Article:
BEIRUT (Thomson Reuters Foundation) - An image on the cover of Vogue Arabia of a Saudi princess behind the wheel of a red convertible has sparked anger in the conservative kingdom following the jailing of activists who campaigned for women to be allowed to drive.
Nearly a dozen prominent activists were arrested last month, just weeks before the ban on women driving is due to be lifted. Most were women who had for years campaigned for the reforms now being implemented.
Supporters of the activists took to social media to accuse the publishers of Vogue Arabia of insensitivity over the cover image of Princess Hayfa bint Abdullah al-Saud.
“Tell @VogueArabia that when it falsely presents royal princesses as champions of #SaudiWomenDriving, real women champions are at imminent risk,” tweeted Fadi Al-Qadi, whose handle describes him as a human rights commentator.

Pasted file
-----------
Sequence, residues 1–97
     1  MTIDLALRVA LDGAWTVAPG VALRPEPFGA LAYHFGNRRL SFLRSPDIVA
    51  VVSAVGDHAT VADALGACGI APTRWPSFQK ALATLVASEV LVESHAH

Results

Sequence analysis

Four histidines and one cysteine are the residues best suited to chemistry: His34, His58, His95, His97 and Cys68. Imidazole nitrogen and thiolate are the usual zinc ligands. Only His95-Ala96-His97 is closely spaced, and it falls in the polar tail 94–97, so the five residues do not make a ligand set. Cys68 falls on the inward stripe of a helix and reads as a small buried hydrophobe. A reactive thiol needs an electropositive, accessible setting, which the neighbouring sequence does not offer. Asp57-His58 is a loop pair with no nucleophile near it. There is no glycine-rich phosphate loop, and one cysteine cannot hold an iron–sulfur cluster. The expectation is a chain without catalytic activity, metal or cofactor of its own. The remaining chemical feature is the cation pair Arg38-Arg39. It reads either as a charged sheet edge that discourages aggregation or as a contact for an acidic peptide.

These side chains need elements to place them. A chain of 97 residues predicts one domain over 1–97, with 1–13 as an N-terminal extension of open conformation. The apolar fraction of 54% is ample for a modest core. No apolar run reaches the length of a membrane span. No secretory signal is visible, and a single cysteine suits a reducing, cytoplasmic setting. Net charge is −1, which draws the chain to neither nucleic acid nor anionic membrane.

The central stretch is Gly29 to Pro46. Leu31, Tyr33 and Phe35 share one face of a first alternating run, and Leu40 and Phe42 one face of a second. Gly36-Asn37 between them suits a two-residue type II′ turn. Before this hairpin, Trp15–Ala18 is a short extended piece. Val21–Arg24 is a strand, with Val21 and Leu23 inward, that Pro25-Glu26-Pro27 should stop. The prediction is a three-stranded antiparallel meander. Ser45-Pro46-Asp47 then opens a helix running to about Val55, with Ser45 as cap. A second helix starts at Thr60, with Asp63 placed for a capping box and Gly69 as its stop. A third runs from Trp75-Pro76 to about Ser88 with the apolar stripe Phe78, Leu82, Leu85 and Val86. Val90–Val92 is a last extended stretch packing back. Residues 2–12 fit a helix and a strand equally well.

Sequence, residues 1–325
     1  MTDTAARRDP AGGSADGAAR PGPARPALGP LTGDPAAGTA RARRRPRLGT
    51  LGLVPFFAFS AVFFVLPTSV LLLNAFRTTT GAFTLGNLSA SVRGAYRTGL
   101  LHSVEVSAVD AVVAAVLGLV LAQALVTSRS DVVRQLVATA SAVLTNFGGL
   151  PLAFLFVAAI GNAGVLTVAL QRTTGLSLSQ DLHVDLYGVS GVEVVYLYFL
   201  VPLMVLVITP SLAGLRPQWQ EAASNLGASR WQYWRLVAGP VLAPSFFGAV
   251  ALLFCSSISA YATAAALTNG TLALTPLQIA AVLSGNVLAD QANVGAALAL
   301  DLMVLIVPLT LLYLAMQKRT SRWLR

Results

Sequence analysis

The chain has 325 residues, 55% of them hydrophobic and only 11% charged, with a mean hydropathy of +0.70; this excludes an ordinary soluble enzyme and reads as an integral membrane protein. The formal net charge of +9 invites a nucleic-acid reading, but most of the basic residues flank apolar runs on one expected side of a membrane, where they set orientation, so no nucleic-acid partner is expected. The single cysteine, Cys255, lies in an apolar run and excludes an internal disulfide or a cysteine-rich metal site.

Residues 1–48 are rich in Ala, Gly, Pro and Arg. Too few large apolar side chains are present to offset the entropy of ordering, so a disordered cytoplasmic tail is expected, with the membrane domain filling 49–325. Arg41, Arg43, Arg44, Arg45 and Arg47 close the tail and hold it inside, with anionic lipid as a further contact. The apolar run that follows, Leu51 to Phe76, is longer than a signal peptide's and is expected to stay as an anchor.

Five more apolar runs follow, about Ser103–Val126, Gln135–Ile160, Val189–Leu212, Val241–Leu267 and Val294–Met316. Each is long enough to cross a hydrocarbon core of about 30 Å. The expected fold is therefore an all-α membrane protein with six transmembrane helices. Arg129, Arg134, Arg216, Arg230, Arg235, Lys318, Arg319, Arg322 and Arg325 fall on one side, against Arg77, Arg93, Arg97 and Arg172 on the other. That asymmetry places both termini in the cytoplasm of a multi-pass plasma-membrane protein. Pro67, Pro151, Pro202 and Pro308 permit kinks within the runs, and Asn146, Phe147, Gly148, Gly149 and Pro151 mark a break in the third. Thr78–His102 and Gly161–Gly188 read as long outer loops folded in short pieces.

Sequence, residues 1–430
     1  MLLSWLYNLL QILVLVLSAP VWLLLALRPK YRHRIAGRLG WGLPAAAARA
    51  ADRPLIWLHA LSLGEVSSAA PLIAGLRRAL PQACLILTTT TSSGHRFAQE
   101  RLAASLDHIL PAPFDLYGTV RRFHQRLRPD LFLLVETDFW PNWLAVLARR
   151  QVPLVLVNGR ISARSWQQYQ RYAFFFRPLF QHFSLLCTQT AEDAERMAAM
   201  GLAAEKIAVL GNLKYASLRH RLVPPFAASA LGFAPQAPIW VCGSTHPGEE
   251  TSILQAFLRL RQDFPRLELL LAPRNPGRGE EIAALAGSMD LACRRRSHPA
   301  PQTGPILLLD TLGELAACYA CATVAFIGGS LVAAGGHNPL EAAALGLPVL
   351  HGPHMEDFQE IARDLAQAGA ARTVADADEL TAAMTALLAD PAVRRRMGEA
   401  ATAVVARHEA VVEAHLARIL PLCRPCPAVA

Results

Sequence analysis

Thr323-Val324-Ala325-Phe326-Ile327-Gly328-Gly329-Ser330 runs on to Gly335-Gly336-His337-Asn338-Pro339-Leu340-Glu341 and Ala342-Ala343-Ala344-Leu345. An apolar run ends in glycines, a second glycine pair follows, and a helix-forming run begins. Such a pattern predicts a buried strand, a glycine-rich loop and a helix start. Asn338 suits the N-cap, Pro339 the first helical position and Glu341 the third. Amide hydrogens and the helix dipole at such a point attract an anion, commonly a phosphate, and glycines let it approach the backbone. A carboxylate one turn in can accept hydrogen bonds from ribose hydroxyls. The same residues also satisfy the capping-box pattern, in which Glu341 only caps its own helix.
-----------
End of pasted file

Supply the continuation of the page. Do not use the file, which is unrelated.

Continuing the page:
“A princess on the cover of Vogue Arabia to celebrate lifting the ban while the women driving activists are in jail for treason,” tweeted another user under the handle @Hala_Aldosari.
Some Twitter users shared doctored versions of the cover photo swapping the face of Princess Hayfa with that of Loujain al-Hathloul, one of the detained activists.
The decision to lift a decades-old ban on women driving cars was hailed as proof of a new progressive trend in Saudi Arabia.
But activists’ arrests have raised concerns from campaigners and the United Nations over Crown Prince Mohammed bin Salman’s approach to reforms.
Reporting by Heba Kanso @hebakanso, Editing by Claire Cozens. Please credit Thomson Reuters Foundation, the charitable arm of Thomson Reuters, that covers humanitarian news, women’s rights, trafficking, property rights, and climate change. Visit www.trust.org